This fall, I'm hoping crime is left behind and sports is just, well, sports

August 26, 2007|By TIM SHEA

Tomorrow at a federal courthouse in Atlanta, Falcons quarterback Michael Vick reportedly will enter a guilty plea in connection with his alleged role in a dogfighting ring in Virginia.

On Aug. 15, NBA referee Tim Donaghy pleaded guilty to two federal charges related to allegations that he bet on games he officiated during the last two seasons and that he made calls affecting the point spread in those games.

On Aug. 7, Barry Bonds broke Hank Aaron's record for most home runs in a career, much to the delight of fans in San Francisco and the scorn of many others throughout the U.S.

What happened to the old days, when the sports pages were filled with stories about ... well, sports?

Instead, we continue to read about such topics as cheating in NASCAR, which has resulted in suspensions. Even Jeff Gordon was docked 100 points earlier this year for an infraction.


And don't even bring up the Tour de France, where doping violations now dominate the headlines since Lance Armstrong retired.

Now, you even have to worry about tennis and wonder whether the players are really trying to win.

This summer of discontent is nearly over, and maybe we can start to focus on the games again.

With schools back in session, it will be nice to read about high school and college football games instead of the latest performance-enhancing drug scandal.

There will be plenty of feel-good stories over the next few months about athletes who are on the field because of their love of the game and not for the money.

Shepherd University is ranked in the top 10 in NCAA Division II football, and the Rams play just over the state line in Shepherdstown, W.Va. Few, if any, of the players will continue their football careers when their eligibility is completed, but hopefully they will earn their degrees and take their experiences from the playing field into the real world.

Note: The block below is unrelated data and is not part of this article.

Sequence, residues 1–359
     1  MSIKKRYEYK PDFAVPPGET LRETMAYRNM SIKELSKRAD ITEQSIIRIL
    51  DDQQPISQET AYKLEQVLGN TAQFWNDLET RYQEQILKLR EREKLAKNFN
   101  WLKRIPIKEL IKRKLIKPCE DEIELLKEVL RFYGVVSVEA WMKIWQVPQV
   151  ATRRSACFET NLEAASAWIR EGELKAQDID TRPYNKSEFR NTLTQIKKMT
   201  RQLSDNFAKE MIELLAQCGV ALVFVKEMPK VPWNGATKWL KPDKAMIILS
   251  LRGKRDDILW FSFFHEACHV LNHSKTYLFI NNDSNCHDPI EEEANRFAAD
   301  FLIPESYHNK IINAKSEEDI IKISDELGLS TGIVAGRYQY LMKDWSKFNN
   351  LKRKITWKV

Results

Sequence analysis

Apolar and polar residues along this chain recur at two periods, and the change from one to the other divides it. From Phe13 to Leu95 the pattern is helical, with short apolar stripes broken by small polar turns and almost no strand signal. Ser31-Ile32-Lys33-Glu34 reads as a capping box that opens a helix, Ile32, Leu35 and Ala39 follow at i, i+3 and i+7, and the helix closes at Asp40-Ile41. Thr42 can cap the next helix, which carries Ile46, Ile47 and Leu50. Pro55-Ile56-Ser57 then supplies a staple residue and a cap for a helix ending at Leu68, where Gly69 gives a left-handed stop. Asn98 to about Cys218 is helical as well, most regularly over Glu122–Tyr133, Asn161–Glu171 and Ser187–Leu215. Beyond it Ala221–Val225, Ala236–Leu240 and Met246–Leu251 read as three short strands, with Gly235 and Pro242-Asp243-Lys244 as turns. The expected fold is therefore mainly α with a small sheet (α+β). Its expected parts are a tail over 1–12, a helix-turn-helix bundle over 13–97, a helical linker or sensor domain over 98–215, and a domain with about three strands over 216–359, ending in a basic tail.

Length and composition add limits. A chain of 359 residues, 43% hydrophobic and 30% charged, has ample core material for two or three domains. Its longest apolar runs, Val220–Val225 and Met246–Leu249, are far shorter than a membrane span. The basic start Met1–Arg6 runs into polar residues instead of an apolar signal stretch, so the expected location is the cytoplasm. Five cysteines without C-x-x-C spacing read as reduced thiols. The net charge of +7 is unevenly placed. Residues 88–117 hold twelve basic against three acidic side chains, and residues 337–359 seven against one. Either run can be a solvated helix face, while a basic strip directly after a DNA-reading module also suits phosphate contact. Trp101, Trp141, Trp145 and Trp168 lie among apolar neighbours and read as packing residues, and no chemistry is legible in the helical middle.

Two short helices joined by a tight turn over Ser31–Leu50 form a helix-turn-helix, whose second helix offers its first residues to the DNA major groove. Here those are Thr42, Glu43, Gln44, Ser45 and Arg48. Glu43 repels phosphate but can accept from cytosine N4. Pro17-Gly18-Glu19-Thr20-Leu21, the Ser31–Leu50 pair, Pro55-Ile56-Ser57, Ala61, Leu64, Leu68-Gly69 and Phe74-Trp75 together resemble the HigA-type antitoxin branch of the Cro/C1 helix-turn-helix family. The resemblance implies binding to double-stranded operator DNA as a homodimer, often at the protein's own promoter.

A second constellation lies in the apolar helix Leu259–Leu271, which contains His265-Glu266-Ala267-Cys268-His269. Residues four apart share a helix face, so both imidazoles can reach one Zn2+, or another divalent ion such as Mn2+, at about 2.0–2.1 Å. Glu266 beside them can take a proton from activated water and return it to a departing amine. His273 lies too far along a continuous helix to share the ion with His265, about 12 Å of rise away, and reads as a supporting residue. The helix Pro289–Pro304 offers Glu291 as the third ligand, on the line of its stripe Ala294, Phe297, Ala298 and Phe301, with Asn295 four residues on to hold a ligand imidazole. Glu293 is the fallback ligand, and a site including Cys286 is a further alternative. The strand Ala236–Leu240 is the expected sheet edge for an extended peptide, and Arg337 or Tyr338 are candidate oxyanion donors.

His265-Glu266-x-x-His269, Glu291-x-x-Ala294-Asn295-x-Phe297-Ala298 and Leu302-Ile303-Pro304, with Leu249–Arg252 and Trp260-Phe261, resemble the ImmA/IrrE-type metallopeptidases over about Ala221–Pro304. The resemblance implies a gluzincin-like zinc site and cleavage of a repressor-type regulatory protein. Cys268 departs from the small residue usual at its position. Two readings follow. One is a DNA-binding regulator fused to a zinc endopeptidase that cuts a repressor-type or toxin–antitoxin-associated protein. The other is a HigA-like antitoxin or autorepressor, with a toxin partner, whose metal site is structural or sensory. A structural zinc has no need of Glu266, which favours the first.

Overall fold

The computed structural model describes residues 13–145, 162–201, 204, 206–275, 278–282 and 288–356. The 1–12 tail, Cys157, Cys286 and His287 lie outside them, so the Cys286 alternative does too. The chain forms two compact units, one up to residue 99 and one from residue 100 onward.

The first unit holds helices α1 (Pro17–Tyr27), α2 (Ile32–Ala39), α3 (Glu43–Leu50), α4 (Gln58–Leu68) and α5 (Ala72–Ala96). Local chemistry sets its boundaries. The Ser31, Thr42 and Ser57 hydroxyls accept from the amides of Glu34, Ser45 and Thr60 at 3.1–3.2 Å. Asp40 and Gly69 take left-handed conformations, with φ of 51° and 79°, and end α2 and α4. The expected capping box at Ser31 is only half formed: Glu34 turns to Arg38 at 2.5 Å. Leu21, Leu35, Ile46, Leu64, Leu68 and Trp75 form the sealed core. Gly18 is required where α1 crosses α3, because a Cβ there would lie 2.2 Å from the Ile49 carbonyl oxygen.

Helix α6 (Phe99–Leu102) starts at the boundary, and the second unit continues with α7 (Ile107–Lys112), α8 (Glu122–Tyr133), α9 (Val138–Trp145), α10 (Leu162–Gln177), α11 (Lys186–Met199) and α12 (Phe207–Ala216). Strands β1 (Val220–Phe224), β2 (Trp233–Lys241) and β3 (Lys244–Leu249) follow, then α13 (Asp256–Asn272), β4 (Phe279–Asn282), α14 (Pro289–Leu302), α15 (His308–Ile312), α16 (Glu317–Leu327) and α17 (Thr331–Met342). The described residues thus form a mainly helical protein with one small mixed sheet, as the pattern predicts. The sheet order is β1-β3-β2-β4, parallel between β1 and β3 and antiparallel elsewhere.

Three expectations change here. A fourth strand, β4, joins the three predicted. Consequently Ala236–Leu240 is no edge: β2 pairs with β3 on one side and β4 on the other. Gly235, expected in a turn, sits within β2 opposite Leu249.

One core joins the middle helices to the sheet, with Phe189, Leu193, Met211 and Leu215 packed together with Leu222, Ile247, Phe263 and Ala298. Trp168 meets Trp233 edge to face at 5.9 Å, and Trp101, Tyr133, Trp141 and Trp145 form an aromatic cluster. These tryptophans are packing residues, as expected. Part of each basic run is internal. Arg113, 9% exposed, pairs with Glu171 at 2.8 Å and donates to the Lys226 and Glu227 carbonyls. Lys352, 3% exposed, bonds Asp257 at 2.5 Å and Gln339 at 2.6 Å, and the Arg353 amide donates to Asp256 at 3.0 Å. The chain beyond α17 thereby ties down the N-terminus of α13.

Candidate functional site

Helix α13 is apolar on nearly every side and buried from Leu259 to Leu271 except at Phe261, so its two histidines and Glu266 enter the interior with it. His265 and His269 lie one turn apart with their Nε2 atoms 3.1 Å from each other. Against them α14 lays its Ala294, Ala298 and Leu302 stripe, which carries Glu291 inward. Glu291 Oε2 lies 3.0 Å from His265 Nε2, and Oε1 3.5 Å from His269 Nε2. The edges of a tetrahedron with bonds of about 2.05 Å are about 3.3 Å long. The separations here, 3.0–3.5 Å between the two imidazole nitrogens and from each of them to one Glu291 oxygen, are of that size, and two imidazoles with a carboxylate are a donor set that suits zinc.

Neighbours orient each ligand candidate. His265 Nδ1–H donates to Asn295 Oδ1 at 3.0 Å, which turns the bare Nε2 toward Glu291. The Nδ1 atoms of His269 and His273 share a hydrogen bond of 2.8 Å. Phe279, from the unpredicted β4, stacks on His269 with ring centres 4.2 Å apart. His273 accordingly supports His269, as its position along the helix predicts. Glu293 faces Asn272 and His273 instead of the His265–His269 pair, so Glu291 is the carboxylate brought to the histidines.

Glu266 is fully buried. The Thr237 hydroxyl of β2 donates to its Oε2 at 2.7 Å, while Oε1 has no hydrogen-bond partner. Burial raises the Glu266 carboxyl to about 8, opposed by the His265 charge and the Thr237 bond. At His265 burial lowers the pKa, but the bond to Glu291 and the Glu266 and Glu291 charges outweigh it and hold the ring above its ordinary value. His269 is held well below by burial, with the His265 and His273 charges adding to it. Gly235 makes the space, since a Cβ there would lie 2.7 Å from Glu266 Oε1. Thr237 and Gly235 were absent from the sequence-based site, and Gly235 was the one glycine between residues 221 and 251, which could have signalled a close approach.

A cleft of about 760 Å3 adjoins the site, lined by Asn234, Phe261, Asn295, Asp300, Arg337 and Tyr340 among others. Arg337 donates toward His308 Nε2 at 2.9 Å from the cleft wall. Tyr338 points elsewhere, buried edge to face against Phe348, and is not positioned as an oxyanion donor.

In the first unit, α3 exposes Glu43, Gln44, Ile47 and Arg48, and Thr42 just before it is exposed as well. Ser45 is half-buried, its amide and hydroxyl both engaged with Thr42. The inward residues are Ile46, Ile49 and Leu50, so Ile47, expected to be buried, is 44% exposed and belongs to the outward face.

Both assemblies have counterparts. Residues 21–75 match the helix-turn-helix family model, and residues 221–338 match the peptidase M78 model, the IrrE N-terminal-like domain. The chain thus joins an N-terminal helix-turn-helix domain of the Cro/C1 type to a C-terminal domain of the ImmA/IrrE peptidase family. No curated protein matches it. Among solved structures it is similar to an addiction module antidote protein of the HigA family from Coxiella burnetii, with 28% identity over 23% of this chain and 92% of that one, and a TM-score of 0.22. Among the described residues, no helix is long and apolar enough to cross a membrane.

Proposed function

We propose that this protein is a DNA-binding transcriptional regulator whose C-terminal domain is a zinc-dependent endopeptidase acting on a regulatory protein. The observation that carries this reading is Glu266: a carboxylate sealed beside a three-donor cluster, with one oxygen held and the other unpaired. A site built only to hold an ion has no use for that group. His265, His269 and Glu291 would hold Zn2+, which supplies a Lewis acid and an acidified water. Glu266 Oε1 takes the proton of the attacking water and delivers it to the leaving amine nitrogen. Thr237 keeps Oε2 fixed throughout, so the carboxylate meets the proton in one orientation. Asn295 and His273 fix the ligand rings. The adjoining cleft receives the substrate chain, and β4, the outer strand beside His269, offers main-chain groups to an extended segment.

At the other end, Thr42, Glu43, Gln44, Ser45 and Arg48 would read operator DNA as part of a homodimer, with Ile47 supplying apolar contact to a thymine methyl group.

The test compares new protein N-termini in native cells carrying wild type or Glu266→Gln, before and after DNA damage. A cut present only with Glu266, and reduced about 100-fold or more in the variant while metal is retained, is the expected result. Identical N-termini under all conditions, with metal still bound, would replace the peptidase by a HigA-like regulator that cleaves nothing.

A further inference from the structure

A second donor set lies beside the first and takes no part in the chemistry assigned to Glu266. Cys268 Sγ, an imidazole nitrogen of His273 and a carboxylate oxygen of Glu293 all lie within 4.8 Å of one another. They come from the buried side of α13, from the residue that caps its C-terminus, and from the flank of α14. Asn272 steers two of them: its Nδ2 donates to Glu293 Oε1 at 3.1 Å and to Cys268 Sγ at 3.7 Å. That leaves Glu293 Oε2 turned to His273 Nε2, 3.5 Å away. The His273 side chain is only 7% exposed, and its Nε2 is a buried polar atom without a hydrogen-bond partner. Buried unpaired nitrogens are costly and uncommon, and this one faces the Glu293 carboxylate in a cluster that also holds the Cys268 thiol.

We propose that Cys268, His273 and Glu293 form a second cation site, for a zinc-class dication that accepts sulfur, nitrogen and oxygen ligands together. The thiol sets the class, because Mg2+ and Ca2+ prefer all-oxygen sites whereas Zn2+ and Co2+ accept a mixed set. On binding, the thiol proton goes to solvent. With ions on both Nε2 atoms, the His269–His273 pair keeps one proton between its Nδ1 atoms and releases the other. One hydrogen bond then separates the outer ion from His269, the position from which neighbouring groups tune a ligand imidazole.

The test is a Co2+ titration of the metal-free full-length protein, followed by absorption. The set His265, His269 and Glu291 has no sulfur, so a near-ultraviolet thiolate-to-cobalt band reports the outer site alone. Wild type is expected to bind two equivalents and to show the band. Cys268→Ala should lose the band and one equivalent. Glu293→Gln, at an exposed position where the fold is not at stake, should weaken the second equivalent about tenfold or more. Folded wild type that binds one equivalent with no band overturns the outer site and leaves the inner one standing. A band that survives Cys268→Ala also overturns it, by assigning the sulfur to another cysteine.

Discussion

At Hagerstown Community College, Hancock native Terry Truax has returned home to be the head basketball coach. Maybe the former Towson State University coach can return the Hawks to the glory days of the early 1990s.

But there also will be hundreds of other local athletes who won't get the recognition that the Shepherd football players and HCC basketball team will receive, but will go through hours of practices and games just because they want to play.

And even with all of the bad publicity that pro sports have been receiving lately, there are plenty of athletes and coaches out there who can serve as role models.

Look at the NFL. While some players draw too much attention to themselves with their antics, there are others like Peyton Manning, Marvin Harrison and Ladanian Tomlinson who simply go about their business with a high level of professionalism and class.

Indianapolis Colts head coach Tony Dungy dealt with his son's suicide with dignity, and finally won a Super Bowl championship last season. And members of the New Orleans Saints have helped out in the community following the devastation of Hurricane Katrina.

Maybe it's appropriate that the NFL season kicks off Sept. 6 with a game between the defending champion Colts and the Saints.

And hopefully, the sports pages can start focusing on the games again.

Tim Shea is a Herald-Mail copy editor. He may be reached at 301-733-5131, ext. 2329, or by e-mail at

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